In 1559 Cox returned to England, and was elected Bishop of Norwich, but Queen Elizabeth changed her mind and Cox's destination to Ely, where he remained twenty-one years. He was an honest, but narrow-minded ecclesiastic, who held what views he did hold intolerantly, and was always wanting more power to constrain those who differed from him. While he refused to minister in the Queen's chapel because of the crucifix and lights there, and was a bitter enemy to the Roman Catholics, he had little more patience with the Puritans. He was grasping, or at least tenacious of his rights in money matters, and was often brought into conflict with courtiers who coveted episcopal lands.

Queen Elizabeth herself intervened, when he refused to grant Ely House to her favorite, Sir Christopher Hatton; but the well-known letter beginning "Proud Prelate" and threatening to unfrock him seems to be an impudent forgery which first saw the light in the Annual Register for 1761. It hardly, however, misrepresents the queen's meaning, and Cox was forced to give way. These and other trials led him to resign his see in 1580, and it is significant that it remained vacant for nineteen years. 

His first wife's name is unknown; she was the mother of his five children, of whom Joan married the eldest son of Archbishop Parker. His second wife was Jane Auder, Alder or Awder was the daughter of George Auder (b. 1490 - d. 1560), alderman of Cambridge, and his wife Agnes (d. Apr 1576). On 13 Nov 1540, she married William Turner, botanist, physician, and Dean of Wells (b. 1510- d. 7 Jul 1568). They were wed in secret because Turner was a clergyman who had taken a vow of chastity. It was against the law for such persons to marry. The penalty was death. Soon after the wedding, the newlyweds fled religious persecution in England. They spent time in Ferrara and Bologna, where Turner studied medicine, and then lived in various Rhineland cities. All three of their children, Peter (1542-May 27, 1614), Winifred, and Elizabeth, were born during this exile. Returning to England after the death of Henry VIII, Turner became the personal physician and auxiliary chaplain of Edward Seymour, Duke of Somerset and Lord Protector, a position that ended abruptly when Somerset was arrested in 1549. From 1549 until Turner’s appointment as Dean of Wells in Mar 1551, the family lived in considerable poverty. The first part of Turner’s Herball was published before the death of Edward VI forced the family back into exile during Mary Tudor’s reign. Once again they lived in several different cities, including Cologne, Worms, and Weissenburg. Under Elizabeth, Jane and her husband had a home in Crutched Friars, London. Only a few months after Turner’s death, Jane married again and once again her marriage was controversial in religious circles. Her second husband was Richard Cox (c.1500-Jul 22,1581), whose first marriage ABT 1547 had raised eyebrows because his wife publicly resided with him in Christ Church. Cox, who eventually became Bishop of Ely, openly defended the right of priests to marry and remarried quickly when he became a widower. This displeased the Queen. By the end of 1575, there were a number of complaints against both Cox and Jane. Lord North accused them of corruption and one of their tenants called Jane “Jezebel”. These matters appear to have been settled by Cox relinquishing property, in particular to Lord North. In 1579, Cox asked to retire and had negotiated the grant of Doddington Manor for life and an annuity of £200, but the arrangements were never finalized and he died while still serving as bishop. He left goods valued at £1334 to his widow and seven children.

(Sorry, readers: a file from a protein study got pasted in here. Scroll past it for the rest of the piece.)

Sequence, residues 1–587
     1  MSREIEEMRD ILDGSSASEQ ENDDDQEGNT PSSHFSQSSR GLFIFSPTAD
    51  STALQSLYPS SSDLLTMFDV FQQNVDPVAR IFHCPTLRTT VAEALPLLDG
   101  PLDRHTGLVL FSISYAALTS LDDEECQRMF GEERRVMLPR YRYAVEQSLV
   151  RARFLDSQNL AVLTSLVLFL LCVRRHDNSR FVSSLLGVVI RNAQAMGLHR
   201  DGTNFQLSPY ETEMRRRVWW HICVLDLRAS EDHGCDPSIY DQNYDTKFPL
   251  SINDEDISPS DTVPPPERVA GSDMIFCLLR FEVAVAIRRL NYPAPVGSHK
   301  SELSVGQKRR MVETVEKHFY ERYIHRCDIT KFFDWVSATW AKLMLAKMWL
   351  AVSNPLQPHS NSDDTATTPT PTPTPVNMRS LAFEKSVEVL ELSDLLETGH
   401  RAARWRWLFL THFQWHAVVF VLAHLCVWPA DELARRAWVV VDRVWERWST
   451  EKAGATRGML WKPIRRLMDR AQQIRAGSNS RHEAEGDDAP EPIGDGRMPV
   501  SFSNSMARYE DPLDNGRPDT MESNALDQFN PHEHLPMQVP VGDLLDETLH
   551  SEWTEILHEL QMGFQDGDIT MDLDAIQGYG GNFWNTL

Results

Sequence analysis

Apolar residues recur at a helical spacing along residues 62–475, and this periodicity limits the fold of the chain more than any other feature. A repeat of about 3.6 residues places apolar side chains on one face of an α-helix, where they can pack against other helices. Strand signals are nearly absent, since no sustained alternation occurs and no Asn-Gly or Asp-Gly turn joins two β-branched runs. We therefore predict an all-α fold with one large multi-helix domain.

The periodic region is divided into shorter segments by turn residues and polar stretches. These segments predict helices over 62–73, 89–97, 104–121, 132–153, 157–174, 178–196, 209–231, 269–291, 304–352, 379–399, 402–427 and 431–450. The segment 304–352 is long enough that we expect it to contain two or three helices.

Cox died on the 22 Jul 1581: a monument erected to his memory twenty years later in Ely cathedral was defaced, owing, it was said, to his evil repute. Strype (Whitgift, i. 2) gives Cox's hot temper and marriage as reasons why he was not made Archbishop in 1583 in preference to Whitgift, who had been his chaplain; but Cox had been dead two years in 1583.